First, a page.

ES: I have two different “envisionings” — one is with a full band that will hopefully include Robert “Sput” Searight, who is an incredible drummer, oh my gosh, and then Tim Lefevre, who’s touring with the Tedeschi Trucks, and Rachel Eckroth, then Lyris and me. So I’m picturing a band of five or six people, and I’m really into different artistic media like some interesting lighting, stage settings, even visual images creating sort of a theatrical reality on the stage, which is something Amy and I don’t do, but it’s something I enjoy. I envision that and a full, big sound — jam sessions happening on stage, pretty high energy. Those guys tour with other bands, everybody’s busy, they live in different cities, so trying to pull all of that together will probably be fairly limited in terms of the number of times we can do it.
Then the other envisioning I have is me and Lyris on stage together having worked out special arrangements for these songs that obviously won’t include the full sound of the band but will get to the heart and soul of the songs and present them in a completely different way.
BN: You’ve written some of the Indigo Girls most popular and most beloved songs. Can you talk a little about your songwriting process for your solo album? How was it different than writing for the group that you’ve played with so long and that you’re most associated with?
ES: It was very different experience on some of the songs on the solo record. Typically, I’ll write a song on guitar, a couple on piano [and] some on banjo, and I’ll just write a song and play it all the way all the way through until, eventually, it’s done. Then those parts all go on the record. Amy and I get together and brainstorm — we arrange but we don’t write together ever — she writes hers, and I write mine. So I will play that guitar, piano or ukulele part all the way through the song, and it’s much more of a folk approach.
But with this record, there are some songs I play all the way through like I would typically. But there are many other songs where I just have parts — I wrote the song through on guitar, but in the end arrangements, a lot of those guitar parts are removed so there’s space. In that sense, it’s much more arranged, rather than my guitar part playing through the body of the song. That’s been a challenge for me, to envision playing those songs live and coming up with arrangements that work. In the end, if the songs come across and we can all get the meaning and the experience of the music, then it’s all good. I had to get out of my own head in terms of “this is the way it’s done, and this is the way you play a song.” I just had to open my mind, which has been a really great experience for me.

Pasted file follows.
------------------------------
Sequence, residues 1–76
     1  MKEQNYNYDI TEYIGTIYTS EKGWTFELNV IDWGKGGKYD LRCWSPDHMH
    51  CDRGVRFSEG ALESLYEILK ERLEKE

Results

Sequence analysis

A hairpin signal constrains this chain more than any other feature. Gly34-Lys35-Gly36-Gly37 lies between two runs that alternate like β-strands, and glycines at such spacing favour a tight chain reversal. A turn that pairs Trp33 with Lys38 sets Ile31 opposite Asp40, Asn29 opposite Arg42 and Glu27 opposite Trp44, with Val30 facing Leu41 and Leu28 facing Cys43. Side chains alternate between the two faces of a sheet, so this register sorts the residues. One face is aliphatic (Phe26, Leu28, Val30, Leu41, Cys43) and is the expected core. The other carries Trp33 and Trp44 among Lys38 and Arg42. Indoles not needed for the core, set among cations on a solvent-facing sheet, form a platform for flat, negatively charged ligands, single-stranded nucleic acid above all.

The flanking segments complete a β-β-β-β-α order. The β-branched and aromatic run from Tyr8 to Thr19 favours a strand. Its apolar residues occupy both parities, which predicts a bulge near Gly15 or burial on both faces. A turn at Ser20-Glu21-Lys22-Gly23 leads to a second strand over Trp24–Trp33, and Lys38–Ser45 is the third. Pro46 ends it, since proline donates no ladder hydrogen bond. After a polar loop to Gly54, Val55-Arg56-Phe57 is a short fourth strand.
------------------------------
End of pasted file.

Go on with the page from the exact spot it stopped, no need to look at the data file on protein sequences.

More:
For instance, there’s a song on the new record called “OK Corral.” It’s about the way American reality has been seeped in guns, ever since the Wild Wild West. I wrote that song on an electric guitar with a delay on the guitar with its own chords. I wrote it and sent it to Lyris, and in the end, she was like, “I don’t think you should have this be the intro. I think the intro should be the keyboard, it should be very sparse.” She even mentioned the artist The Weeknd, some of his songs and they way they’re produced. Ultimately, that’s what we ended up doing with the song. Very, very different process between writing the song and ending up with the arrangement on the record. Big leaps of faith for me.
BN: Are all the songs recorded right now, or are you still working on any of them?
ES: They are done! They’re recorded, they’re mixed and they’re mastered. Right now, we’re working on the artwork and getting all the lyrics together and putting the packaging together. I’m looking to get distribution, then we’ll identify when the best release date is, which will probably be in July because Indigo Girls are touring, and there has to be sort of a space for it to slot into with its own breathing space. Then I’ll be touring [with the solo album] in the fall.
But this show in Akron I’m excited about because I’ll be playing a bunch of the new stuff. Lyris will be there, and Lucy Wainwright will be there — she sang on a couple songs on the record — and we’re looking forward to doing that live before the record comes out.
BN: You’ve played in Akron before at the Gay Games at Lock 3 and also at the Akron Civic Theatre. I also read that your parents are from Ohio. What is it about this area that keeps you coming back to perform?
ES: Ohio’s got so many great little cities in one state. If you think about Cincinnati, Columbus, Akron, Cleveland and Dayton, all the great cities of Ohio… it’s a lot. Also, I’ve got a very strong affinity because my parents are from there, one sister went to the College of Wooster, one went to Oberlin. We spent summers in Ohio, and there’s just such a strong familial connection for me. I think the fact that there’s tons and tons of music lovers within lots of cities in one state just keeps me coming back.
BN: The upcoming show at the Civic Theatre will be one of your first performing your solo material. I imagine since you’re a pro at this now you’d be pretty excited to debut this new material. Are you nervous at all, or are you just ready to get out there and introduce these new songs to the world?
ES: Not nervous nervous, like wobbly knees nervous, but I am excited and have anticipation about it because this is all new for me. I’m not typically a solo artist. Amy’s been doing solo stuff for years now, but for me, I started out solo when I was a kid, and in between all that I haven’t been a solo artist. So it’s kind of like finding my sea legs, and I want people to like it, obviously. Playing new songs is exciting in the way that I feel like a newbie. I feel like this is new and like I’m just starting out.
BN: Playing with the Indigo Girls, you have amassed a huge, very loyal and dedicated following of fans. Is there anything you want to say to these fans in particular about your new album and new material?
ES: I think for some people it won’t be what they expect. It’s got some pretty intense musical moments in there. Other songs will be right up the typical Emily alley of songwriting. I’d hope that they would listen to it two or three times. There’s so much going on musically, and I just want them to take their time with it. Bottom line, I want them to like it, of course. I really, really love this album. If that’s as far as it goes, just me loving it, I will have done what I set out to do, which is make a solo record that feels really good to me, that means something to me.